While most comments will be posted if they are on-topic and not abusive, moderating decisions are subjective. We will make them as carefully and consistently as we can. Because of the volume of reader comments, we cannot review individual moderation decisions with readers.
We value thoughtful comments representing a range of views that make their point quickly and politely. We make an effort to protect discussions from repeated comments either by the same reader or different readers.
We follow the same standards for taste as the daily newspaper. A few things we won't tolerate: personal attacks, obscenity, vulgarity, profanity (including expletives and letters followed by dashes), commercial promotion, impersonations, incoherence, proselytizing and SHOUTING. Don't include URLs to Web sites.
We do not edit comments. They are either approved or deleted. We reserve the right to edit a comment that is quoted or excerpted in an article. In this case, we may fix spelling and punctuation.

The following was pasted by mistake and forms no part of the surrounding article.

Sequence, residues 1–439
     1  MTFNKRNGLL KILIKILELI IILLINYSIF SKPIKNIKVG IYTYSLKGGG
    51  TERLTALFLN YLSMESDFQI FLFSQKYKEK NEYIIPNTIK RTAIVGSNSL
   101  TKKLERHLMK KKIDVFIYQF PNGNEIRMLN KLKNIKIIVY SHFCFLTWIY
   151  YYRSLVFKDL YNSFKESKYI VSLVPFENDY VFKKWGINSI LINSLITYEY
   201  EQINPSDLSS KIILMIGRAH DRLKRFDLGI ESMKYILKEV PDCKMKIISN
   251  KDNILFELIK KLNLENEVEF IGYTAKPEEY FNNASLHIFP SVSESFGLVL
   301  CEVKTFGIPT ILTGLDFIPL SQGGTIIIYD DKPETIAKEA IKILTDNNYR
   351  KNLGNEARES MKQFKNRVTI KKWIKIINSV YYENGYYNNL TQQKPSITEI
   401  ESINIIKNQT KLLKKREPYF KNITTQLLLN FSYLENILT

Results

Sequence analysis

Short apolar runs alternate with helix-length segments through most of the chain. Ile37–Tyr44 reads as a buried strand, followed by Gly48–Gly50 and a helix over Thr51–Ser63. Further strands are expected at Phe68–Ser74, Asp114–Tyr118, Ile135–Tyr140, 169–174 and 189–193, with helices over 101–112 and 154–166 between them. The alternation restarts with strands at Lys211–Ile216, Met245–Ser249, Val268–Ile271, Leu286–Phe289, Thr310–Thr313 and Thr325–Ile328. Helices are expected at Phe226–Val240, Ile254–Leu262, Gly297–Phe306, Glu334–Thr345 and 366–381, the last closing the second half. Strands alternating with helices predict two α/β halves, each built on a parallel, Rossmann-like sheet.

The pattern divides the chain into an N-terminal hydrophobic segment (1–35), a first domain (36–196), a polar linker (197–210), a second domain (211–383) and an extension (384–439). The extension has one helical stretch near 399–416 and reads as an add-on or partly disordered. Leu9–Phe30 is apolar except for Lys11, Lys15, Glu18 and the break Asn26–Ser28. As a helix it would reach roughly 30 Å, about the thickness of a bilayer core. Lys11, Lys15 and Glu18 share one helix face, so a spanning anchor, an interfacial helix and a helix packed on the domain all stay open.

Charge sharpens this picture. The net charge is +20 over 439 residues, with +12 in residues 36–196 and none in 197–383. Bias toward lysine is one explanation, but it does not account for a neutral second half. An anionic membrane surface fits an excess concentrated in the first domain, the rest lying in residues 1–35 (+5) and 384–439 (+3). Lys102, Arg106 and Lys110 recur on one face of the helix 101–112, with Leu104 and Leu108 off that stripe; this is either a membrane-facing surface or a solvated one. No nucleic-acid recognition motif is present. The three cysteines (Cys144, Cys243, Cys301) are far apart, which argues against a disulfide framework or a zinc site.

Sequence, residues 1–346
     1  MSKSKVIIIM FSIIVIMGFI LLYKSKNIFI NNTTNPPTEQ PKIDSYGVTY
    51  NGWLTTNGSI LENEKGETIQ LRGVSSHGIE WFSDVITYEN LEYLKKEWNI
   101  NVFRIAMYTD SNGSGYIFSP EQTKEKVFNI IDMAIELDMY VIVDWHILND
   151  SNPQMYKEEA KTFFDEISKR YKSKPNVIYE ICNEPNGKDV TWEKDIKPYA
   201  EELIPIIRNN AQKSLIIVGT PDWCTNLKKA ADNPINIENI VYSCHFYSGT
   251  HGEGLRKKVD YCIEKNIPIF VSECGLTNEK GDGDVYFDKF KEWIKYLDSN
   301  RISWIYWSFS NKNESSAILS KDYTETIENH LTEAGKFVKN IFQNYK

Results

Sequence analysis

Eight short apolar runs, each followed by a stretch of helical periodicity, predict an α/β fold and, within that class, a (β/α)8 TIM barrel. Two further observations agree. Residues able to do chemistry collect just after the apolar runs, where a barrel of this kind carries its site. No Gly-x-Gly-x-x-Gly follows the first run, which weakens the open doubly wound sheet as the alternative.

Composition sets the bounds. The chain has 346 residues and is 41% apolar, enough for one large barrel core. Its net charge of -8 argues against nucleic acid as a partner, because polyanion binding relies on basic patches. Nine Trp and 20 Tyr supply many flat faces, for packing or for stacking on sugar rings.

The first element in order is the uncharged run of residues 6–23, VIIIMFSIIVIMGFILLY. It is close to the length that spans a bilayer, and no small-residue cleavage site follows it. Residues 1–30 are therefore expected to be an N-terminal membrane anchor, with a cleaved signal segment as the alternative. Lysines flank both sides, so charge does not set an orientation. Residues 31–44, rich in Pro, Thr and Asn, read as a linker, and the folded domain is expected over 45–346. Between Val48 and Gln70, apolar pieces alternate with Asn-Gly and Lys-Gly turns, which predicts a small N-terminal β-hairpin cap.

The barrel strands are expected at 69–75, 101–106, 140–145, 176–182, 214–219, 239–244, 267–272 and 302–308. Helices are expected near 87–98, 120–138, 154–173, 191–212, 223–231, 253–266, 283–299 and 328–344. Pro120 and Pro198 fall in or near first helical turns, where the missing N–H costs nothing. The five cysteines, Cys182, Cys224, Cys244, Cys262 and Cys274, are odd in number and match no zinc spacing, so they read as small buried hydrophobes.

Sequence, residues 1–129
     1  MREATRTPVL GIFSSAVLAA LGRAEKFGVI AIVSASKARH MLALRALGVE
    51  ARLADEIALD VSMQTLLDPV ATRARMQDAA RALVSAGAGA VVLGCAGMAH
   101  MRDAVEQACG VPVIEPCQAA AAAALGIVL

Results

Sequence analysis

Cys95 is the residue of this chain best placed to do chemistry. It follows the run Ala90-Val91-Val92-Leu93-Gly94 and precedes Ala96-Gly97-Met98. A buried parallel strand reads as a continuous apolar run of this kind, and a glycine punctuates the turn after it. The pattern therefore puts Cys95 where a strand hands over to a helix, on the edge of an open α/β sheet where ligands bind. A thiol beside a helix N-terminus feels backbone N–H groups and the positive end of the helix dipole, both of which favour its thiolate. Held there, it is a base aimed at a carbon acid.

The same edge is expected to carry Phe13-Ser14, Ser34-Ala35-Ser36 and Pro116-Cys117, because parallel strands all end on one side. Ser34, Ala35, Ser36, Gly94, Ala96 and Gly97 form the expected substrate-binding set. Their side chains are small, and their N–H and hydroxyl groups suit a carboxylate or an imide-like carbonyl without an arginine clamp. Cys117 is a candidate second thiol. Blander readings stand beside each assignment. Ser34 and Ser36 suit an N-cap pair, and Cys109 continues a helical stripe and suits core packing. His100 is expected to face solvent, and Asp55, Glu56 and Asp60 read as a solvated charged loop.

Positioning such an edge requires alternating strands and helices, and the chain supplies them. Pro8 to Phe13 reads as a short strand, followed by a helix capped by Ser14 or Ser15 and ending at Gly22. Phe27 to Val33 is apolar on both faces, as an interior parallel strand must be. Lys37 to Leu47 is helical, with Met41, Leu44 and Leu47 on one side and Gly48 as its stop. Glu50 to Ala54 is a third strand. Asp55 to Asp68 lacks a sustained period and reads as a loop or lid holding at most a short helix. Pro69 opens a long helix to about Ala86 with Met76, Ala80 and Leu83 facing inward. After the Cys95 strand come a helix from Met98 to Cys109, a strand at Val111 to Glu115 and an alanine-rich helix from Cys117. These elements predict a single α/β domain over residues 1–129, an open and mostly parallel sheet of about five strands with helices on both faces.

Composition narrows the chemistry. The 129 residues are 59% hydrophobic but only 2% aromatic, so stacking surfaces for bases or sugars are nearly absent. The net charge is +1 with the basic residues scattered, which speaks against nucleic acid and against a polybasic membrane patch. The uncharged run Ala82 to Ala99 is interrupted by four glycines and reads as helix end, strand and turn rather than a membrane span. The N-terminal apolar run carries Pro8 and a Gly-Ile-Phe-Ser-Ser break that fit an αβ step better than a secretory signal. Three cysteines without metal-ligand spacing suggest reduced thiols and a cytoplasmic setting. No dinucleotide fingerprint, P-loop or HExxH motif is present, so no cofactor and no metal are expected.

We welcome strong opinions and criticism of our work, but we don't want comments to become bogged down with discussions of our policies and we will moderate accordingly.
We appreciate it when readers and people quoted in articles or blog posts point out errors of fact or emphasis and will investigate all assertions. But these suggestions should be sent via e-mail. To avoid distracting other readers, we won't publish comments that suggest a correction. Instead, corrections will be made in a blog post or in an article.
- Millions needed to replace at-risk natural gas pipes in Pennsylvania
- West Penn to test ‘balloon pill’ in weight-loss trial
- Starkey: Vanilla Mike too polite on officiating
- NFL Draft preview: Thin crop of offensive tackles available
- Rossi: Rutherford falling apart, too
- Cubs’ 3-run, 9th-inning rally upends Pirates
- Steelers bring in 2 more cornerbacks for visits
- Greensburg Tribune-Review athletes of the week: California’s Aaron Previnsky, Norwin’s Christiana Skrabak
- Penguins Insider: Series has enough gamesmanship
- Fleury’s performances have Penguins still believing vs. Rangers
- Pittsburgh union serving TV, film production looking for lots of help